There is no singular definition of metaverse and it is not a destination. It is an evolution, not a revolution made up of not one virtual world, but many.
However, metaverse can be broadly defined as immersive experiences that blend the physical and digital worlds. Current examples of the metaverse in practice include augmented reality, mirrored worlds, LifeLogging and virtual worlds.
For businesses that embrace metaverse, there are a myriad of benefits:
- Benefit 1: Employee Experience
When harnessed to its full potential, metaverse can help to build company culture. It can be incorporated into employee onboarding programs, while helping to create greater connection and collaboration in immersive spaces, particularly where remote and global colleagues are concerned.
- Benefit 2: Tackling digital fatigue
Secondly, adapting experiences to be more immersive and lifelike could also help to reduce digital fatigue. Recent research from Infosys uncovered that just one third of workers found tech empowering at the end of 2021 compared to almost two thirds in 2020.
- Benefit 3: Customer experience
Thirdly, immersive metaverse experiences can help businesses to deepen customer engagement by adding more humanity to digital experiences. More lifelike experiences can set businesses apart, and leading brands are exploring this.
For example, Gucci partnered with Roblox to recreate a virtual version of the Gucci Garden in Florence that includes a Gucci Store, Gucci Museum, and Gucci restaurant. In addition, IKEA offers a mobile app that allows shoppers to see how pieces of décor would look in their homes.
- Benefit 4: Visualising ESG
Finally, demonstrating ESG commitments and impact to investors, partners and the community in an experiential way, can help simplify the complexities around ESG communication. For example, given that there are no clear standards for monitoring and reporting ESG, visualising and building immersive reports can better engage audiences than a standard PDF document.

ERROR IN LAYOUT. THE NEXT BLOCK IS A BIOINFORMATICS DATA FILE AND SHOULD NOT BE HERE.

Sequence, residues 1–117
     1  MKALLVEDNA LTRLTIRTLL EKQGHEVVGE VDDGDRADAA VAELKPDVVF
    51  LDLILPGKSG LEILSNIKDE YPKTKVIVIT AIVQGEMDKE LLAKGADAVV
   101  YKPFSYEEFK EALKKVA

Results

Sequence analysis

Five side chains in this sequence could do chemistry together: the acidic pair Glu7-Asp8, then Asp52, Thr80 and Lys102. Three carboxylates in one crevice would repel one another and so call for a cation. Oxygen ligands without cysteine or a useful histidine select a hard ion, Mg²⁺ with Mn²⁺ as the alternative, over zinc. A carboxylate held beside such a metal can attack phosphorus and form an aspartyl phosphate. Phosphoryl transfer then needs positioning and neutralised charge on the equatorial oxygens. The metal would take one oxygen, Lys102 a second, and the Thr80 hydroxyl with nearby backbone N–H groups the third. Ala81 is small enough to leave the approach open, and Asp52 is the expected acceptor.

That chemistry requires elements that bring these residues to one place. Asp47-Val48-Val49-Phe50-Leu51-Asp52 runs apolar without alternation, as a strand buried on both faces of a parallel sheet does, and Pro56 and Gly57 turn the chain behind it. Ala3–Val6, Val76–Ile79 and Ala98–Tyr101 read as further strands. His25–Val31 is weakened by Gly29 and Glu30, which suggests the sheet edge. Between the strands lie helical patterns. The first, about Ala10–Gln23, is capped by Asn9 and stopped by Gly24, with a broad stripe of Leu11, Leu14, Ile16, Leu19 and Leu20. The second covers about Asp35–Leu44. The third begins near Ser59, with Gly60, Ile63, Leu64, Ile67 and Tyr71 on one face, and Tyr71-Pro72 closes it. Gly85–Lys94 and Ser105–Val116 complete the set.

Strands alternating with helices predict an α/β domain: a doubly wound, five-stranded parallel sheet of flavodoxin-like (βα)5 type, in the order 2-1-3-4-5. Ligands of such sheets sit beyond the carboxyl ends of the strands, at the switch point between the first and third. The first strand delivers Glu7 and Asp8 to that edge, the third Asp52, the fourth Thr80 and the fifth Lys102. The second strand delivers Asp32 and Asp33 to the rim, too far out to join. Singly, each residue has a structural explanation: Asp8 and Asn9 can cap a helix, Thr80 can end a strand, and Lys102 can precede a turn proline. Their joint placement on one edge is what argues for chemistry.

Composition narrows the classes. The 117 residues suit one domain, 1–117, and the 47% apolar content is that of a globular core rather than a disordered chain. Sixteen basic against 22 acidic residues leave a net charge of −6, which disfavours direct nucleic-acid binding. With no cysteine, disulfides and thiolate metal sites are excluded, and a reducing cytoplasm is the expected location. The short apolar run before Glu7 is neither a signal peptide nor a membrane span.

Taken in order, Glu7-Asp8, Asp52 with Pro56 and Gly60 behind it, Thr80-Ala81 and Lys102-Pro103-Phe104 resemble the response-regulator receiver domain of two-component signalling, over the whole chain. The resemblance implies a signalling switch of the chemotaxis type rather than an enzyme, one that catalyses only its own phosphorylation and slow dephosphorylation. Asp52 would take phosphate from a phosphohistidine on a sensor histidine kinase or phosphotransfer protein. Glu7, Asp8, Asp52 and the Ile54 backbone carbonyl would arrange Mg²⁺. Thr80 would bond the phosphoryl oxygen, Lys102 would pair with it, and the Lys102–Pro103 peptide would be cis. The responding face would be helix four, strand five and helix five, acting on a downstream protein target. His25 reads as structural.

How can businesses derive more value from metaverse?
Five challenges to overcome include:
- Challenge 1: Technology
There is a need for more standard interfaces and APIs for the core technology that allows us to build metaverse experiences to simplify integrations and reuse of core components. Immersive experiences require higher capacity and bandwidth, so scalability is essential to optimising performance.
- Challenge 2: Commercial infrastructure
This means greater integration and interchange between Fiat and Digital Currency, as well as digital assets between metaverses. It also means creating frameworks for risk management and security for operating in a decentralised and autonomous environment.
- Challenge 3: Regulatory and legal considerations
Regulations and governance that enforce compliance, enable the right level of security, and provide stability and integrity certifications are important elements for building trust. Furthermore, frameworks and standards are needed to address gaps in accounting, taxation and reporting.
- Challenge 4: Social concerns
While we can see the value of digital experiences, how do we monitor antisocial behaviour like cyber bullying, harassment and fraud? We have seen mental health negatively impacted by digital dependence, and with the move to more simulated reality digital experiences, there is a greater need to monitor this impact. Strong governance, continually evolving privacy and security standards are essential as complexity increases.
- Challenge 5: Change effort vs. cost
Building metaverse experiences can be confronting and many organisations may not be able to justify the upfront investments and the skills needed for specialised platforms. This highlights the importance of building partnerships or joining consortiums that bring together specialist innovators from diverse fields to access these development platforms and skills.
There is great potential for organisations looking to explore how metaverse experiences can impact employee and customer experience, however being able to experiment in co-creation environments with lower upfront costs is key.
Organisations that seek out opportunities to explore possibilities and test ideas can differentiate themselves from competitors.